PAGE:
Hybrid treatment of upper GI cancer spares patients from major surgery

Woodruff Health Sciences Center | March 28, 2012

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Lance Skelly
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lance.skelly@emoryhealthcare.org

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Field Willingham, MD, MPH, and his colleagues have been able to remove tumors of the upper GI tract, while avoiding major surgery.

A team of surgeons and gastroenterologists at Emory has been able to treat patients with tumors of the upper gastrointestinal tract without major surgery, using a minimally invasive approach combining endoscopy and laparoscopy.

In the journal Gastrointestinal Endoscopy, they describe the results for seven patients who, with standard procedures, would have needed removal of all or part of the esophagus, stomach, or intestine. The study will be published in the April 2012 issue.

“By working together, we were able to remove these tumors without any open incisions and without removing any major organs,” says lead author Field Willingham, MD, MPH, assistant professor of medicine at Emory University School of Medicine and director of endoscopy at Emory University Hospital. “The alternatives, such as total gastrectomy or a Whipple surgery, are major operations with long recovery periods and lifelong quality-of-life implications.”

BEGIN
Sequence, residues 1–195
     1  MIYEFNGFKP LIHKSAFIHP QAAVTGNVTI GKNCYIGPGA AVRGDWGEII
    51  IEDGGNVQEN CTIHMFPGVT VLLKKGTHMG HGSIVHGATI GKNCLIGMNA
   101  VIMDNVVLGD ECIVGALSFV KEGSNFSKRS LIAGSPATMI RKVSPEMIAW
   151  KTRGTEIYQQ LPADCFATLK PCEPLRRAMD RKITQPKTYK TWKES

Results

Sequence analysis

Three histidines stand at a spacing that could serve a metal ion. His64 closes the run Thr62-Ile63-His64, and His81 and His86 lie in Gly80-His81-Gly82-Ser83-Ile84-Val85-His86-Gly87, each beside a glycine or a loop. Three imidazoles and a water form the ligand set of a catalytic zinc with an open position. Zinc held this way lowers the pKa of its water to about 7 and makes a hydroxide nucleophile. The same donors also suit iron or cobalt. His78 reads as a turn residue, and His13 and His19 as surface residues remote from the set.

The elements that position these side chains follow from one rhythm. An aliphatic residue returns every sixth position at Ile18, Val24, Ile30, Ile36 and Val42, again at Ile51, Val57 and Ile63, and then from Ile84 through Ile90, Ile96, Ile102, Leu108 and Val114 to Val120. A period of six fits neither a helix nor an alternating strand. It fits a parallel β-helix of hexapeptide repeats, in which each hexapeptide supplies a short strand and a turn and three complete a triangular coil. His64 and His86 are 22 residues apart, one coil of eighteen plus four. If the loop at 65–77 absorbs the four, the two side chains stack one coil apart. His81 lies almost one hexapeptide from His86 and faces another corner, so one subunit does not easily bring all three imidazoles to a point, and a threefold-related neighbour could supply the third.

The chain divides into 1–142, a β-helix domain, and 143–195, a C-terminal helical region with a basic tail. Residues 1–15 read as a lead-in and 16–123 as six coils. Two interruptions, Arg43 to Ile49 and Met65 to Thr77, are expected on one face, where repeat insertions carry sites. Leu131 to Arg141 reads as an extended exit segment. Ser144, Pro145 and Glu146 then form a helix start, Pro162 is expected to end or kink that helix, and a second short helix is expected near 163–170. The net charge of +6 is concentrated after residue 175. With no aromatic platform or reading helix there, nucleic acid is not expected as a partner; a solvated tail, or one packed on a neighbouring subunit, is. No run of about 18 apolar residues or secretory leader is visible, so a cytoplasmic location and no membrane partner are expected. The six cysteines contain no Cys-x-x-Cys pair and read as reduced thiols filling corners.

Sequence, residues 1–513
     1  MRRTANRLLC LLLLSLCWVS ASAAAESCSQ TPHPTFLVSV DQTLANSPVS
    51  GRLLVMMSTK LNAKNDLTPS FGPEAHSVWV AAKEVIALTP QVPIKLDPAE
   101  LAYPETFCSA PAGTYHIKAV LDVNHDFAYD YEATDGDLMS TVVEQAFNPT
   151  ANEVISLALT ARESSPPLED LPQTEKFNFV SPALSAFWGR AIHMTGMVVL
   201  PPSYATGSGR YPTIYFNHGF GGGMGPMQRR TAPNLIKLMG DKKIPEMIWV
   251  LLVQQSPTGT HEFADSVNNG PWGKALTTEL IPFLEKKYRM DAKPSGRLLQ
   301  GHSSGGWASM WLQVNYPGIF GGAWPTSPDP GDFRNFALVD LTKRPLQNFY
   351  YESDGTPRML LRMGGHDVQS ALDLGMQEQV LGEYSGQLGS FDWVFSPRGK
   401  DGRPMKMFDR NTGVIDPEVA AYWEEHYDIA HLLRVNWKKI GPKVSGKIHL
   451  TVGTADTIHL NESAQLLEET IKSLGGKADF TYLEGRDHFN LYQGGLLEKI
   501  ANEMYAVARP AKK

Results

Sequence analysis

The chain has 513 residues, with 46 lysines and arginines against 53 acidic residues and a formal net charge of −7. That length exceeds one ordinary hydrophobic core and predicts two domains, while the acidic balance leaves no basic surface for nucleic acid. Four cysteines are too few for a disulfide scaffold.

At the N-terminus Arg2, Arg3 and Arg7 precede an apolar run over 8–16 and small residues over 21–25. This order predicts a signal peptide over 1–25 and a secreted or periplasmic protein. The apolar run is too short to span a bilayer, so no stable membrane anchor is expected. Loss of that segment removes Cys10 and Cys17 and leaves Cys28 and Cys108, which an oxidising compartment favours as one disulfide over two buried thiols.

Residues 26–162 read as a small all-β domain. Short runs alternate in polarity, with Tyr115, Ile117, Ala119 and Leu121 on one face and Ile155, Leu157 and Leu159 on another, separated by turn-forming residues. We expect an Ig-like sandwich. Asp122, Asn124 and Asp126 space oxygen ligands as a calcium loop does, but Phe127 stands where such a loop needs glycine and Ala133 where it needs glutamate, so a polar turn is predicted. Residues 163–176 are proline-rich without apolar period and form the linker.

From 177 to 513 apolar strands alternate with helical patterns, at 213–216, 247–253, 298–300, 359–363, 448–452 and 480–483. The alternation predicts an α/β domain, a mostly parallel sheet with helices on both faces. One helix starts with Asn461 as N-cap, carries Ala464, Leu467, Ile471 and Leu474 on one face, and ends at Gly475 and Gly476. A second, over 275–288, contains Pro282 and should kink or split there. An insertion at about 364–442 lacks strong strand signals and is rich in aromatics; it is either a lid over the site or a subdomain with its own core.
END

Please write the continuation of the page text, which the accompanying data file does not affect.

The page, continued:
The hybrid technique was successful in five out of seven cases. In the two other cases, both patients had more extensive GI stromal tumors, and more conventional laparoscopic procedures were used to remove the tumors. Follow-up treatment was variable because not all the tumors had the same level of malignancy; some patients received anti-cancer therapy afterwards.

In this group, there were no immediate or late complications. The postprocedure hospital stay was short, approximately 2 days, compared to two or three weeks for surgery such as total gastrectomy.

During the procedure, surgeons mobilize the tumor from the outside allowing the gastroenterologist to remove the tumor from the inside without taking out the organ from which the tumor arose.   The procedure involves general anesthesia, several tiny laparoscopic or keyhole incisions and an endoscopy (a long, flexible tube passed down the esophagus).

All hybrid procedures were performed by one attending surgeon (David Kooby, MD, Shishir Maithel, MD or Scott Davis, MD, all Emory surgical faculty) and one attending gastroenterologist (Willingham).

Reference: F.F. Willingham, S.S. Garud, S.S. Davis, M.M. Lewis, S.K. Maithel and D.A. Kooby. Human hybrid endoscopic and laparoscopic management of mass lesions of the foregut (with video) Gast. Endoscopy 75, 905-(2012)